Choos­ing You rowed have down done Be­tween the your man­u­fac­tur­ers re­search Sup­pli­ers and nar- that you want to quote for your project to maybe three or four com­pa­nies. Next you need to send your draw­ings (ide­ally plans/sec­tions/el­e­va­tions to a scale of no less than 1:100) to each of the man­u­fac­tur­ers, to­gether with as de­tailed a spec­i­fi­ca­tion as you can. The more de­tailed the spec­i­fi­ca­tion, the more ac­cu­rate a quote you will get. Quotes will typ­i­cally take two to four weeks to pro­duce and on re­ceipt you need to an­a­lyse them all in great de­tail as no two will be ex­actly the same. Don’t just look at the price quoted and dis­card the most ex­pen­sive one, it could well be that the par­tic­u­lar com- pany has quoted for a higher spec­i­fi­ca­tion than the oth­ers or in­cluded for el­e­ments the oth­ers have not. You need to be com­par­ing ‘ap­ples with ap­ples’ — take your time in do­ing this and use your ar­chi­tec­tural con­sul­tant to check over the quotes, too. If you are in any doubt about what has been in­cluded for or the spec­i­fi­ca­tion of any par­tic­u­lar el­e­ment, phone the man­u­fac­turer and get them to clar­ify mat­ters. You should now nar­row down the man­u­fac­tur­ers to two, ar­range a meet­ing at their fac­tory with the busi­ness de­vel­op­ment man­ager or es­ti­ma­tor re­spon­si­ble for your project. Run through the quote in de­tail and ask to be shown the ma­te­ri­als they have quoted for. Al­ways ask if they have any sug­ges­tions that would save costs, as fairly mi­nor changes to the plans/ spec­i­fi­ca­tion can quite of­ten re­sult in sub­stan­tial cost sav­ings. Many man­u­fac­tur­ers have show- rooms feel the where var­i­ous you ma­te­ri­als. can see, touch Re­quest and a tour of their fac­tory too, as this will give you a bet­ter over­all ‘feel’ for their op­er­a­tion. Ask if there are any projects they have re­cently sup­plied that the clients would be will­ing to al­low you to go and view. This can give you the op­por­tu­nity to get an un­bi­ased view of the man­u­fac­tur­ers di­rect from the client. You should also find out what their lead-in times are for the var­i­ous de­liv­er­ies in­volved, as you, your project man­ager or build­ing con­trac­tor will need to know what they are to ef­fec­tively pro­gramme the works. A lot of work is car­ried out by the man­u­fac­turer early on in the process by de­sign­ing the tim­ber frame, procur­ing ma­te­ri­als and then man­u­fac­tur­ing the tim­ber frame, so don’t be sur­prised if you are quoted a 10 to 12 week lead-in time for the struc­tural shell el­e­ment from when you place an or­der.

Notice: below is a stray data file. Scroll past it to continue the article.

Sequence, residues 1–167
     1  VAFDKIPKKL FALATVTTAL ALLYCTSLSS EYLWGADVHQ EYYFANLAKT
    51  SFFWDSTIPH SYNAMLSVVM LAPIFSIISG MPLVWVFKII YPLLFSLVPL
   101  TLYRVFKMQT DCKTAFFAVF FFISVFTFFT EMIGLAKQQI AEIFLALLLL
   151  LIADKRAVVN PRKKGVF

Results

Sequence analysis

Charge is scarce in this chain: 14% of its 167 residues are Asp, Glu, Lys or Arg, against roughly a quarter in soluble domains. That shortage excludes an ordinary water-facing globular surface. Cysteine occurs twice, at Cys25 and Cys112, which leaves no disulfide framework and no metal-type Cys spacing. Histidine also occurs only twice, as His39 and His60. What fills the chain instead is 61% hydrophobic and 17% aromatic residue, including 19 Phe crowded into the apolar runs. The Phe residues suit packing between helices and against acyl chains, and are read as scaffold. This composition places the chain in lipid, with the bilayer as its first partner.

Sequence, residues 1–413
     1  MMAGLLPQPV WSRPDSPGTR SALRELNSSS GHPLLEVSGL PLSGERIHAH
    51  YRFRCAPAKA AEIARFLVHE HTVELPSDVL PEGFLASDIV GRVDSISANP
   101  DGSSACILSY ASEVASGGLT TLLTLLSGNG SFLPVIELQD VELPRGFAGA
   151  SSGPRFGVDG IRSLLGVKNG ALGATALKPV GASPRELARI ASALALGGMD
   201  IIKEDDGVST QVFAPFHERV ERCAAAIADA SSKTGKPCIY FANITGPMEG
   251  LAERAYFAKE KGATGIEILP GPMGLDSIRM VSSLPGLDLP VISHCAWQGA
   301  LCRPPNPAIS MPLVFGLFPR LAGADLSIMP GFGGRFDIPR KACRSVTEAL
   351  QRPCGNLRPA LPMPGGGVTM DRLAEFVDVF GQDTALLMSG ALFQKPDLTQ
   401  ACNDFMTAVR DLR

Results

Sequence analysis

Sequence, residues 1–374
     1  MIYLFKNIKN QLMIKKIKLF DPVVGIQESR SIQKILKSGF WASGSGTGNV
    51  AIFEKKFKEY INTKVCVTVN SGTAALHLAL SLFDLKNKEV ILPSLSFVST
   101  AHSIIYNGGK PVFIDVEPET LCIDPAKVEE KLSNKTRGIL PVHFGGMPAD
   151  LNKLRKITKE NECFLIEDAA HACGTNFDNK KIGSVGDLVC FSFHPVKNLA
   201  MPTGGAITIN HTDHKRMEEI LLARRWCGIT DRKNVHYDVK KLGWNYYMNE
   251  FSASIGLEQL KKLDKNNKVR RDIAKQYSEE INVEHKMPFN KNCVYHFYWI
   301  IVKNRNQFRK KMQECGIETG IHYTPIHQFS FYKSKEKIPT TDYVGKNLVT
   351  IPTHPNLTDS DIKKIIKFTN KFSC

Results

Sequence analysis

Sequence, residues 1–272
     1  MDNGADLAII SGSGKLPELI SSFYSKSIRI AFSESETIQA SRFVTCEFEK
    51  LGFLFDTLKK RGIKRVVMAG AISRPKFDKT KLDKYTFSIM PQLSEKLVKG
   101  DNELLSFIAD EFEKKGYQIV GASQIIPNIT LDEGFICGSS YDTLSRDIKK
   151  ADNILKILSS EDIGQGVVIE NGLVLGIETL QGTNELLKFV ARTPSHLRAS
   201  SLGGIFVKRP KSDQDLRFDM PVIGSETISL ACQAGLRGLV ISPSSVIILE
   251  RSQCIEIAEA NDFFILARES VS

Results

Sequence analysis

Pay­ing Pay­ment at in de­tail, for terms Your in­clud­ing should Tim­ber also the ini­tial be Frame looked de­posit the man­u­fac­turer will be look­ing for on sign­ing an or­der and stage pay­ments there­after. It is not un­usual for man­u­fac­tur­ers to ask for pay­ment 14 to 21 days prior to the var­i­ous el­e­ments be­ing de­liv­ered to site, so you or your le­gal agent need to be sat­is­fied that the man­u­fac­turer is on a se­cure fi­nan­cial foot­ing. If you have any doubt then your le­gal agent may sug­gest us­ing an es­crow ac­count or a vest­ing cer­tifi­cate which would ‘ring fence’ any monies you pay to the man­u­fac­turer should they get into fi­nan­cial dif­fi­culty. If you fol­low the above steps, one man­u­fac­turer will have im­pressed you above all oth­ers with their cus­tomer ser­vice lev­els, com­pet­i­tive price, qual­ity of prod­uct/ma­te­ri­als, pro­fes­sional/ help­ful ‘can do’ at­ti­tude, good rep­u­ta­tion and tes­ti­mo­ni­als from pre­vi­ous cus­tomers; cially sound they com­pany. will also They be a are fi­nan- the man­u­fac­turer you should, with con­fi­dence, place your busi­ness with. One fi­nal piece of ad­vice: never ac­cept the first price of­fered by your pre­ferred man­u­fac­turer. It’s worth ask­ing for a dis­count or an up­graded spec­i­fi­ca­tion for the same price.

Mike Cruick­shank Prop­erty in­vestor Mike Cruick­shank is an ex­pert in tim­ber frame con­struc­tion, hav­ing spent 26 years with one of the UK’S lead­ing tim­ber frame man­u­fac­tur­ers.

Work on Site Af­ter be­ing man­u­fac­tured un­der fac­tory con­di­tions ( top left), the frame is de­liv­ered to site. Here, the in­ter­nal par­ti­tion walls of a self-build ( left) are be­ing in­stalled on site; while tim­ber frame pan­els for the ex­ter­nal walls are craned into po­si­tion ( be­low).

Man­u­fac­tur­ing Time­line Pre­fab­ri­cat­ing the tim­ber frame al­lows for speedy on-site con­struc­tion. The im­age ( be­low) shows work in progress at the West Mid­lands-based fac­tory of Tim­ber In­no­va­tions, a mem­ber of the Struc­tural Tim­ber As­so­ci­a­tion.